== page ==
I blogged the other day about the lupin beans I found in a middle-eastern market. In planning our meals for the week (actually we only do it a day or two ahead) we decided we wanted to use some of the beans in a dinner soup.

Sometimes our soups are based on cleaning out leftovers from the fridge. In this case, not. I had to go do my hausfrau thing this morning at Sunflower Market to acquire the stuff we needed to make this a one-dish meal.

A Soup
2 medium red potatoes, ½” dice (don’t peel them)
1 tbsp olive oil
1 tbsp butter
3 bratwurst, casing removed, chopped
1 small onion, finely chopped
2 cloves garlic, minced
1 medium tomato, chopped
1 bunch kale, stems removed and roughly chopped
4 cups chicken broth
1 - 2 cups potato cooking water
1 cup beans (any kind…from a can)
pinch each of dried oregano, thyme and tarragon
salt and pepper to taste
lemon juice
grated carrot (optional)
more olive oil (optional)
croutons (optional)

In a medium pot, cover the potatoes with cold water. Put on the stove over medium-high heat and bring to a boil. Adjust the heat to an energetic simmer and cook until the potatoes and al dente, about 8 minutes.

Use a spider and remove the potatoes to a colander, rinse with cold water, drain, and set aside. Reserve the potato water.

Add 1 tbsp olive oil and 1 tbsp butter to a soup pot. When the butter has melted and the foam has subsided, add the onion, garlic, tomato and sausage. Cook until sausage is done throughout, about 10 minutes.

Add broth to the pot along with the kale. Ladle in some of the potato water if it seems needed. The extra water can also mitigate any excessive saltiness which might come from the sausage. Bring to a simmer. Bring to a simmer. Taste and adjust seasonings. Serve with a splash of lemon juice, a drizzle of olive oil, grated carrot, and croutons if you wish.

Tuesday, November 10, 2009

Salmon burgers a la Hubert Keller

French chef, Hubert Keller, appears on public tv from time to time. He's always fascinating. Today's post was inspired by an episode in which he prepared various burgers. His technique for salmon was two-fold. He did a traditional ground meat version, but this one is very interesting and extremely good.

These patties are constructed from about 14 oz. of salmon filet cut crosswise into 3 approximately 1" wide pieces, skin removed. One of the pieces is sliced in half and is wrapped within another slice. In the picture below you can see outlined the half slices wrapped thusly.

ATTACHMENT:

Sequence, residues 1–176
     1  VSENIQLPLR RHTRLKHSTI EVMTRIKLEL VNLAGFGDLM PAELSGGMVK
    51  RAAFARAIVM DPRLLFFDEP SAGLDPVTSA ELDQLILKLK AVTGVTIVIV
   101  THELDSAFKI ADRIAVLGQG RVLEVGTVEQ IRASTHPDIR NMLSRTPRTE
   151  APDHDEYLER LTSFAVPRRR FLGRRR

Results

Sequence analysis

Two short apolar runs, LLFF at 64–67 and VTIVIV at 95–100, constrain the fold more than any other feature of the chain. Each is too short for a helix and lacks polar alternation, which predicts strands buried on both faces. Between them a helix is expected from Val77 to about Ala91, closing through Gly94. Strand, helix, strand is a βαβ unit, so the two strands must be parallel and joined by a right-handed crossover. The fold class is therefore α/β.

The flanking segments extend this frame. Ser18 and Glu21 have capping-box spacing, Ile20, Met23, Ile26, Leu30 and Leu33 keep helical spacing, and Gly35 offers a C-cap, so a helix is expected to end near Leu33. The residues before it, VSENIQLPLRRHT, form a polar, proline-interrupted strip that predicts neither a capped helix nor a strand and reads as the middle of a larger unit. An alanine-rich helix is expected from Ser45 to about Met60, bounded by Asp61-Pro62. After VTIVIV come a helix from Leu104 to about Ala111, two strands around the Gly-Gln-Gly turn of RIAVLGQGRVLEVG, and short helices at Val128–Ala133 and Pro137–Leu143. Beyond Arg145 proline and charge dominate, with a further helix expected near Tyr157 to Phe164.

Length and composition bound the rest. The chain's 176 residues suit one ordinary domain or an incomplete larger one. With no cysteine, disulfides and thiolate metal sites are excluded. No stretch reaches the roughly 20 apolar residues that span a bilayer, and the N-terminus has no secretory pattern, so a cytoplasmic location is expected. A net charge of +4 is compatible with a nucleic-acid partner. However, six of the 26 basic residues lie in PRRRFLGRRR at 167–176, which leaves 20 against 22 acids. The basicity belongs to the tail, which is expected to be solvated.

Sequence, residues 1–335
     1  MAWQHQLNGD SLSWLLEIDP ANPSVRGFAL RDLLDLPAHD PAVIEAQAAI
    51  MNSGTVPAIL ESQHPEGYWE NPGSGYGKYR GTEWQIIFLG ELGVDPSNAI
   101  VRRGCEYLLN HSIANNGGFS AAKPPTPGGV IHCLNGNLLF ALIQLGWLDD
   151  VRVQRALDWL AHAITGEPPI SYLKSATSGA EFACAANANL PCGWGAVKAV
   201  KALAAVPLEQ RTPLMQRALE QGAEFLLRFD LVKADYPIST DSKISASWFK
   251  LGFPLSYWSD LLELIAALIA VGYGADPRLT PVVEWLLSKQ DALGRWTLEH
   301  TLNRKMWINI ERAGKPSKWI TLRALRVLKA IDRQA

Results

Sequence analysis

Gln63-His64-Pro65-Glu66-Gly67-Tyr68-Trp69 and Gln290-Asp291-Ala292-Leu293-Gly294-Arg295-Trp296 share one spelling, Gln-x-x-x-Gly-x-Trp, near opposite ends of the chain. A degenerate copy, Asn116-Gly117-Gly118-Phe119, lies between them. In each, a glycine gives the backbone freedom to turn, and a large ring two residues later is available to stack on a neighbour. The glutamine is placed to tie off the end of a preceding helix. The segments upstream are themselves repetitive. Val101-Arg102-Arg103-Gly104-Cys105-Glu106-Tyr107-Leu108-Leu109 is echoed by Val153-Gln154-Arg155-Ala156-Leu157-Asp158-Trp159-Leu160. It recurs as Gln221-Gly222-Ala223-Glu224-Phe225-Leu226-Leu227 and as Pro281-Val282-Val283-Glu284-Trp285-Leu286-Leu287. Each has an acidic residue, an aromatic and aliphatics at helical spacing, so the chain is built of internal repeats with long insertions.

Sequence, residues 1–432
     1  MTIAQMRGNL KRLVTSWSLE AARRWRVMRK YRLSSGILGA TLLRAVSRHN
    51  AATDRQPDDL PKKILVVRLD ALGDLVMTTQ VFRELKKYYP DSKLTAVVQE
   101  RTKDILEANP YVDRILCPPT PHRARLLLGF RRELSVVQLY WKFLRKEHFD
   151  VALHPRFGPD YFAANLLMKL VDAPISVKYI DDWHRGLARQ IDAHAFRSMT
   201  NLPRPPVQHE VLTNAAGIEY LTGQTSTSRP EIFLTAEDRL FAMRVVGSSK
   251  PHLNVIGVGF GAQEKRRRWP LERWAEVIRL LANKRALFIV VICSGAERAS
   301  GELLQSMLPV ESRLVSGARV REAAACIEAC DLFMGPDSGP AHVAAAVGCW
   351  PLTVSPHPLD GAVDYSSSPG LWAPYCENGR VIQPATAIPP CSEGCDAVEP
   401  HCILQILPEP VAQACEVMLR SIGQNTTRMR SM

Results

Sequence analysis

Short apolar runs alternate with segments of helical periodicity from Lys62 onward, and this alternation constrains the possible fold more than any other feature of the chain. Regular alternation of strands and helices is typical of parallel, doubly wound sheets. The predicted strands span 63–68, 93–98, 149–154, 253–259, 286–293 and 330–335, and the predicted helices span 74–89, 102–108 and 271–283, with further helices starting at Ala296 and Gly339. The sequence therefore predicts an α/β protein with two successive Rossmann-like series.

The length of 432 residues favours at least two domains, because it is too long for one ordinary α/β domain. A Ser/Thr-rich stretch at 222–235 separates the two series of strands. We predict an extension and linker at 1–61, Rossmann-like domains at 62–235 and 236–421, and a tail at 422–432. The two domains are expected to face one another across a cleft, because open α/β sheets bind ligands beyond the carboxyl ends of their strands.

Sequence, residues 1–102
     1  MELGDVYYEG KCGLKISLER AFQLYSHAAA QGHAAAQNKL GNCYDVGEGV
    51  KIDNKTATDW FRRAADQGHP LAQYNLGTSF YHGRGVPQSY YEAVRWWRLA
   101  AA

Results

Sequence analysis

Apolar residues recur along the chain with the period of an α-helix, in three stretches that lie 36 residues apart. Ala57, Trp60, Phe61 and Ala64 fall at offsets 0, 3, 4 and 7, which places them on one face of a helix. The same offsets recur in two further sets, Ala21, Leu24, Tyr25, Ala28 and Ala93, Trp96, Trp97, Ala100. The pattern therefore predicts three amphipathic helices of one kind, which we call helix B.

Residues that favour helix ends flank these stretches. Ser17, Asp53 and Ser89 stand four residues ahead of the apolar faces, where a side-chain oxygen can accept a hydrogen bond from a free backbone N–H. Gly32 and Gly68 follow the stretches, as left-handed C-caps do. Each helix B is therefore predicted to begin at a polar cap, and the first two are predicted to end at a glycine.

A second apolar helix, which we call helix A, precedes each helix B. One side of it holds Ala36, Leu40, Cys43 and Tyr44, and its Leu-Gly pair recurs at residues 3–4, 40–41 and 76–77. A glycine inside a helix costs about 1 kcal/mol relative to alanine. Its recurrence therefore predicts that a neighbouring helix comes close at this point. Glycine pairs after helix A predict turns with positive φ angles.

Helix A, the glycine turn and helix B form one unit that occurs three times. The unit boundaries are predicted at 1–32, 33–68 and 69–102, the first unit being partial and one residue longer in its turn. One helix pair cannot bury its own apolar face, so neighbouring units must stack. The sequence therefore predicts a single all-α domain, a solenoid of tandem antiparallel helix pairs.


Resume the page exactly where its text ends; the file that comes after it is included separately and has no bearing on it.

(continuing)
Take four 1" wide pieces of foil and fold and twist into a rope-like shape. Twist two of them together to make a long rope (otherwise it might not be long enough to encircle the burgers. Wrap the "rope" around the burgers and twist it to secure it.

Salt and pepper the salmon to taste on both sides. Heat a cast iron skillet over medium high with 1 tbsp olive oil and 1 tbsp butter until the butter foams and the foam subsides.


Put the burgers in the pan. Cook undisturbed for 3 minutes. Turn and cook for 3 more minutes.

Remove to a plate, remove the foil rope, cover with foil, and put into a warm oven (if you wish) to keep them warm.


Increase the heat under the skillet to high. Whisk in 1 tbsp butter, 3 tbsp white wine, the juice of 1/2 a lemon and a tbsp of capers (you can chop them or not). Let the liquid reduce by half and then spoon it over the salmon burgers when you serve them.

Garnish with parsley if you wish.

Roast chicken a la Julia Child


This picture isn't of today's recipe. I had very little time to assemble this after spending most of the afternoon at a doctor appointment with Peter and then at the gym. However, except for the legs being tied together, this is pretty much what it looked like after cooking.

Using a couple of different gift cards we had been given, we got both volumes of Julia Child's "Mastering the Art of French Cooking." I've been reading it like a novel, though without going straight from beginning to end.

It may be heresy to say so, but I find the books more useful as idea generators than literal recipe guides. Yes, the recipes are terrifically detailed. When you read enough of them you realize there is more room for flexibility within them than you might think at first blush.

A great deal of butter is used. Vegetables are cooked much longer than I would cook them. Hers are more along the lines of the mushy ones my mother (and so many others of her generation) prepared.